Scott’s victory had an added irony because he defeated Thurmond’s son. But we shouldn’t read too much into these results from low-turnout primaries — just as we shouldn’t draw too much solace from the pleasing morality tale of Byrd’s atonement. Even as Washington paid homage to Byrd’s triumph over his origins last week, the Capitol played host to what the Supreme Court’s only black justice, Clarence Thomas, might call a "high-tech lynching." The victim was, of all people, Thurgood Marshall — the nation’s first black solicitor general and first black Supreme Court Justice, nominated to both jobs by L.B.J.
Rich goes on to say that in the confirmation hearings of Elena Kagan, conservatives went full speed ahead in trashing Thurgood Marshall. Thus America still has a long way to go in its quest for equal, civil rights. Moreover, the sins of leaders like Strom Thurmond are still percolating right below the surface. Only time will tell if Haley, if elected, will continue her state’s sorry legacy in race relations or set the state on a new, enlightened path.
As an aside, I feel obligated to add that the rise of Nikki Haley in no way approximates the rise of Barack Obama. For all of their actions seeking to bring down President Obama, for all of their searching for a "Waterloo" to stop him in his tracks, the Republicans crave an equally popular and effective politico just like Obama, to call their own. They hinge their desires on any and all newcomers, like Palin and Haley, regardless of the candidates’ bona fides. Rosen’s article (and this is my second link to it because it is so damn truthful), cites the GOP’s jump-the-gun contemplation of perhaps elevating Haley to Presidential candidate status:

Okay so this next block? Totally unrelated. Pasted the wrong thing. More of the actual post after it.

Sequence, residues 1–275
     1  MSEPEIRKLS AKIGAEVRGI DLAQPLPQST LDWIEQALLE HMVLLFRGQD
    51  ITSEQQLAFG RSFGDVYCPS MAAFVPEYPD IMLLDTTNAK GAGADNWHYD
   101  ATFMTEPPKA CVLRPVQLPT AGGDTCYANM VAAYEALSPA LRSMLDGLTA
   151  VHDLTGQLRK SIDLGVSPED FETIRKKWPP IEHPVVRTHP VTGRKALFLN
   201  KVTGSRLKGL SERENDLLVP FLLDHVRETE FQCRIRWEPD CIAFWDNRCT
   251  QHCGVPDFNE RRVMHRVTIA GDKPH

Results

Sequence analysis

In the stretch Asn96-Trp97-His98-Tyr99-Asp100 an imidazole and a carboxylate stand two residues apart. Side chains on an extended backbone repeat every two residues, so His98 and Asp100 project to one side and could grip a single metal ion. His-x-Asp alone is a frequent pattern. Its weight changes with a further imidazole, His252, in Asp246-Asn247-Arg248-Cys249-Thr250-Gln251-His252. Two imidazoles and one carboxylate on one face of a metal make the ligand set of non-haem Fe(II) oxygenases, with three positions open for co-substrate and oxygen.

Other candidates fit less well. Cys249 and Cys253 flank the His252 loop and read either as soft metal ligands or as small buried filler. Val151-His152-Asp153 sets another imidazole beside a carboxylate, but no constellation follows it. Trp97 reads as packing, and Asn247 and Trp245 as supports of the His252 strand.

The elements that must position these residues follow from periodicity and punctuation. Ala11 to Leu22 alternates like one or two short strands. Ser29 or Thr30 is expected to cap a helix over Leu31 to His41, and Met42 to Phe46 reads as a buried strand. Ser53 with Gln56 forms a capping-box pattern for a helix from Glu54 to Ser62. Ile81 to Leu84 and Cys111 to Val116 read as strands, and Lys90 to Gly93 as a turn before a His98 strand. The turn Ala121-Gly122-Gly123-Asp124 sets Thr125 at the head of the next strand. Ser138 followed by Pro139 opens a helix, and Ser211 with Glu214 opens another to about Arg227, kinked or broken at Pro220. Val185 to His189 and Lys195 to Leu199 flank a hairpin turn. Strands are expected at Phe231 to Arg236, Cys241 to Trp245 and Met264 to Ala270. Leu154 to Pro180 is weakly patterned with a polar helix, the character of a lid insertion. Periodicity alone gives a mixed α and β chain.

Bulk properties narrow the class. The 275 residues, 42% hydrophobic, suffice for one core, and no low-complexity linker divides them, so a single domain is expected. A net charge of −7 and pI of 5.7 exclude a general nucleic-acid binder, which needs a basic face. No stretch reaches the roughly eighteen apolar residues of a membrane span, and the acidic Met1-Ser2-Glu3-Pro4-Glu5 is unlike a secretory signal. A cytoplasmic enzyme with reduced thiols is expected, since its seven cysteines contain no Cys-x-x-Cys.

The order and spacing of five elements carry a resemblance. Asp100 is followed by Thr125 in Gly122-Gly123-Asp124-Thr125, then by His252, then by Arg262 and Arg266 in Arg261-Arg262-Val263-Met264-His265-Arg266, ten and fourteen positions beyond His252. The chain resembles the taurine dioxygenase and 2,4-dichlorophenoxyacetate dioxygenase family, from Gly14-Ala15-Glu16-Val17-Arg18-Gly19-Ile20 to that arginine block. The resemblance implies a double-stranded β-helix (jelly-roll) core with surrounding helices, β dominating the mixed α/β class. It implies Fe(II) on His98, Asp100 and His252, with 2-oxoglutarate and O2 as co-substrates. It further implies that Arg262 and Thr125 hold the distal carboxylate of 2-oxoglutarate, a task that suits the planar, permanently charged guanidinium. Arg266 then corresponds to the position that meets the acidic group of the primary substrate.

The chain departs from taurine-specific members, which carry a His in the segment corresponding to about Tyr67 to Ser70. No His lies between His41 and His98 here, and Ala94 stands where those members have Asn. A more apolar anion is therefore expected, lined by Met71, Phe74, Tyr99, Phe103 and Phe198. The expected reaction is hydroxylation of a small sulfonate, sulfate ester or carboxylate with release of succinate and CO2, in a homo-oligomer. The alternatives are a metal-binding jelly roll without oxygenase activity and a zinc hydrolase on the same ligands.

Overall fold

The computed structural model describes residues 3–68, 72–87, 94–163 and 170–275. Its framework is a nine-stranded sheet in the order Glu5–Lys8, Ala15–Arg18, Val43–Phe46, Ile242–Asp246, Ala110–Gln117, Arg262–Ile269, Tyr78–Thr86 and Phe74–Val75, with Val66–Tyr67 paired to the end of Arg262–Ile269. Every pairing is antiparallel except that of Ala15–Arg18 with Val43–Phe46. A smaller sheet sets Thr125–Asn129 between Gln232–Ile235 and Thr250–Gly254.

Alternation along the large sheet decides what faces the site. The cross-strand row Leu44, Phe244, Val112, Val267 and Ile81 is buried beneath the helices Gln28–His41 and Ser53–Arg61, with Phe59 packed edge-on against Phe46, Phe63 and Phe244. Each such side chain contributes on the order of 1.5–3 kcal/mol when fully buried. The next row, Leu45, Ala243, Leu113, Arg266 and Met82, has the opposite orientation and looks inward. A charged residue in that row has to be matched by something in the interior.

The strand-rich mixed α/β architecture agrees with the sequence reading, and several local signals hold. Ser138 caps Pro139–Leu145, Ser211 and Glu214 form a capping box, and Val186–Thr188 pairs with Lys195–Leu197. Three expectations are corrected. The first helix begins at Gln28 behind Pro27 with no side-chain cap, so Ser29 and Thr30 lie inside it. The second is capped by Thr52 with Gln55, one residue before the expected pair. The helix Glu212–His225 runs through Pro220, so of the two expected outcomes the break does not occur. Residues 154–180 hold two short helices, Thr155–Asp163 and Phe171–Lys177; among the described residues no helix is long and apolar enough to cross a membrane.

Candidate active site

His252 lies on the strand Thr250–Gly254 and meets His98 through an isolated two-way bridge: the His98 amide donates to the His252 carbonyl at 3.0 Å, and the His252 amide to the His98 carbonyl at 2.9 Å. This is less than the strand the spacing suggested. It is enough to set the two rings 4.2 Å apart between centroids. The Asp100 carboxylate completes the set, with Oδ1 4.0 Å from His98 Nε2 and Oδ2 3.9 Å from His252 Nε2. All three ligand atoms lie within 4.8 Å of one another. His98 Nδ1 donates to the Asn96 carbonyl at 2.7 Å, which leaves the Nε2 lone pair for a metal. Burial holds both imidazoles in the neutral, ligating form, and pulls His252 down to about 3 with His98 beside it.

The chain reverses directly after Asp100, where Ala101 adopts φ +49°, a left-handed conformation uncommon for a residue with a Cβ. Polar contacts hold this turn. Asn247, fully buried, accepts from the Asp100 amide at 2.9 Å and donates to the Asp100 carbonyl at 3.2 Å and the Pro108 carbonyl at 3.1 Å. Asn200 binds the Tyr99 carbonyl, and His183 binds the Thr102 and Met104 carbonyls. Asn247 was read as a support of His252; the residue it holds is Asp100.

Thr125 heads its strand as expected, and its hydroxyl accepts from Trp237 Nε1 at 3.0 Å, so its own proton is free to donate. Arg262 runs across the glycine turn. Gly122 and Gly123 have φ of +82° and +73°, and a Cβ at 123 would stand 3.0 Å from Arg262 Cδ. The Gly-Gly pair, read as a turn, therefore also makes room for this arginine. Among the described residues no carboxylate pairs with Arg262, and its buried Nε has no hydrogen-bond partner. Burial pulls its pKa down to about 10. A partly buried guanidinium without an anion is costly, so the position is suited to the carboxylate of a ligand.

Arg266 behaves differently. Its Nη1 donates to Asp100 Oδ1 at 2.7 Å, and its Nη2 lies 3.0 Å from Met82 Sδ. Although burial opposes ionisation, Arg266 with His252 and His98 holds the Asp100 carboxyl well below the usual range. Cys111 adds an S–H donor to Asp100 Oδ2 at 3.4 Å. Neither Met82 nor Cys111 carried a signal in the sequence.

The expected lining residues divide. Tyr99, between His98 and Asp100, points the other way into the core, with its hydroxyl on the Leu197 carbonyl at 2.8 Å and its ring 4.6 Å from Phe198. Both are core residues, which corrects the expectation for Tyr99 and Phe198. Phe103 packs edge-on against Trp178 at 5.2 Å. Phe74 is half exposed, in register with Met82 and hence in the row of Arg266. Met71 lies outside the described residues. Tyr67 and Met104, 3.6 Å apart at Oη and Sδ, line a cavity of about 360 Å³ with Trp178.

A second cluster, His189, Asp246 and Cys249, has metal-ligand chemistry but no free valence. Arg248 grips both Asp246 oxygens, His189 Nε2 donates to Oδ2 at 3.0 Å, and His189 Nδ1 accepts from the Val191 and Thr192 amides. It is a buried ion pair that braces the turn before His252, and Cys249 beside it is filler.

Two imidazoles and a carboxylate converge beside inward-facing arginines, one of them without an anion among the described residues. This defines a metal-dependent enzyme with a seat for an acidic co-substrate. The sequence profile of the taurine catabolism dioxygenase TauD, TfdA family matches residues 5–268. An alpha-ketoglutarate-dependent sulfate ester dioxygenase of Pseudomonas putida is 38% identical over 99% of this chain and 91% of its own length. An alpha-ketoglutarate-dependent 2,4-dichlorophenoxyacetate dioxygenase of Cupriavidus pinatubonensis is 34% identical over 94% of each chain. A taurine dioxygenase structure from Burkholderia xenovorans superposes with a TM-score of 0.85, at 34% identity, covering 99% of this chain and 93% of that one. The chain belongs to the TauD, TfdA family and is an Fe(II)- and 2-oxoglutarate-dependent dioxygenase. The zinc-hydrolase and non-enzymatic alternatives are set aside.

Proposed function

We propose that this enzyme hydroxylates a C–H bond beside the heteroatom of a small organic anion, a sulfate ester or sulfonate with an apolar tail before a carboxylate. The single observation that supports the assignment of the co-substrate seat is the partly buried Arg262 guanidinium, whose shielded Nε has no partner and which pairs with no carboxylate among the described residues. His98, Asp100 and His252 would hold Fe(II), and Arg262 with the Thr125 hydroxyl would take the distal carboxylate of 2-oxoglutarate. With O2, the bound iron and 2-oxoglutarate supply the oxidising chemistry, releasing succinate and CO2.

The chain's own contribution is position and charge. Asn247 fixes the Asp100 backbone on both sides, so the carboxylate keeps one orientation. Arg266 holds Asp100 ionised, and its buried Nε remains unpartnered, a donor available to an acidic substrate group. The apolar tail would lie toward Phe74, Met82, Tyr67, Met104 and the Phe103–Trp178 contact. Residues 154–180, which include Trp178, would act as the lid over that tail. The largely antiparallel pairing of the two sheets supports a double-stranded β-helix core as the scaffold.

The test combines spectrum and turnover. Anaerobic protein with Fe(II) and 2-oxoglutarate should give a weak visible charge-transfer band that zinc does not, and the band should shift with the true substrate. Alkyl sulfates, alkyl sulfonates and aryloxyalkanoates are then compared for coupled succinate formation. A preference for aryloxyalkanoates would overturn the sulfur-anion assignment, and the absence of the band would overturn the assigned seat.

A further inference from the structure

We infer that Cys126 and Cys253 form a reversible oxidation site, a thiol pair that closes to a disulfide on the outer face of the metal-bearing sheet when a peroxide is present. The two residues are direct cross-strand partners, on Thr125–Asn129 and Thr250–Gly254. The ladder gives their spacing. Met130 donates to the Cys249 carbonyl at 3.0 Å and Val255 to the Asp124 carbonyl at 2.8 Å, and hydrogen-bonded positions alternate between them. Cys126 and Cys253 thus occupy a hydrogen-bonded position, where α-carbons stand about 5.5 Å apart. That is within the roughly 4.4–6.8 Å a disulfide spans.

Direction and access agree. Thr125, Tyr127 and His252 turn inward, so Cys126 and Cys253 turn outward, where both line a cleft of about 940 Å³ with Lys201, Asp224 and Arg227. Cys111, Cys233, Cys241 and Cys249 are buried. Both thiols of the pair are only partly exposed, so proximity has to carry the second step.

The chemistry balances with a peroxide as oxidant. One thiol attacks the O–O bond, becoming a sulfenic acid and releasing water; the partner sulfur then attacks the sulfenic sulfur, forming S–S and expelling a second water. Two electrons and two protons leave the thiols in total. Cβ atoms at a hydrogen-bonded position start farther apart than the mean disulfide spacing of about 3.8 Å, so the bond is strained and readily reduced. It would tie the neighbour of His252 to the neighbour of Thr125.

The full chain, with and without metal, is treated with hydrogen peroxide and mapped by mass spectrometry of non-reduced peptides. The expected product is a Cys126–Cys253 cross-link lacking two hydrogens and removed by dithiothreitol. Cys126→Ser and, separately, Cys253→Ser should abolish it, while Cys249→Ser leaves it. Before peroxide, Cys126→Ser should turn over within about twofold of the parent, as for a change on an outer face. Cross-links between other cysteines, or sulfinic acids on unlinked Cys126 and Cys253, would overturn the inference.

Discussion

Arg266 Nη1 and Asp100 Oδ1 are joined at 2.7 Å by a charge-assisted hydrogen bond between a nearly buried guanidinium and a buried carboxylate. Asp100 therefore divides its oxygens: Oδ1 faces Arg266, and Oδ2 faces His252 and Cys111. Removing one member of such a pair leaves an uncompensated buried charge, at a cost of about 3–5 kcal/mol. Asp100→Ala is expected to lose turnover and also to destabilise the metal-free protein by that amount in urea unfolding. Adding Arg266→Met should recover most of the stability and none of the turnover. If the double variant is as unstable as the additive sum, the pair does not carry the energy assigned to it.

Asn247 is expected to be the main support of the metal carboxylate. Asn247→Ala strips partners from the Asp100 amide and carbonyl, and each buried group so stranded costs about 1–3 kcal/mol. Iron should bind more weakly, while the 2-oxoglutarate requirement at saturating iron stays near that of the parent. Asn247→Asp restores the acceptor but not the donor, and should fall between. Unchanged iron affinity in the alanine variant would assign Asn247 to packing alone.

Shades of the Palin debacle, no? I have no idea who this Haley is or what she stands for. She might very well be a decent, competent leader. That is not the point. The point is that a political party owes it to their constituents and their country to thoroughly vet a candidate and not go off on a wing and a prayer, on wishes, hopes and dreams, in promoting the newest person in their league. That said, the GOP has absolutely no one who can duplicate President Obama’s rise and promise. Obama is a once-in-a-century phenom. But the GOP’s grasping at straws does a disservice to everyone involved.
I wish the best for Tesla and Nikki Haley in their own specific arenas and hope they deliver the right stuff. To fall on the side of negativism is not productive, but to be aware from the get-go of potential problems can be insightful and instructive. However, wishes, hopes and dreams cannot compensate for truth, knowledge, ethics and reality. We cannot abandon our basic principles, whether financial or political in nature, for a quick win. If we do, we will lose.
Heroics are not heroism. The wishes, hopes and dreams that accompany heroics can fall flat if all the necessary principles are not included.